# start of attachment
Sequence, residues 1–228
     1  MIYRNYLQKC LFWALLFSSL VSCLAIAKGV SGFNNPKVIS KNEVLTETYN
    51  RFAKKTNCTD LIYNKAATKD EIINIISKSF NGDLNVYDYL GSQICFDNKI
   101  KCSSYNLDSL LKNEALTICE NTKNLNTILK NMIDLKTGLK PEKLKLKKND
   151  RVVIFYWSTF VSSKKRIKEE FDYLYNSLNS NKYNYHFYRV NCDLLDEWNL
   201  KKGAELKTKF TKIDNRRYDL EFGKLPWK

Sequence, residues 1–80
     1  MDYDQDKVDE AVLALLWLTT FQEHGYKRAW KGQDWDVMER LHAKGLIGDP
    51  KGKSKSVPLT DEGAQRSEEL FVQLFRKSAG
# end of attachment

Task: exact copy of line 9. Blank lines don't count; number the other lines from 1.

    51  KGKSKSVPLT DEGAQRSEEL FVQLFRKSAG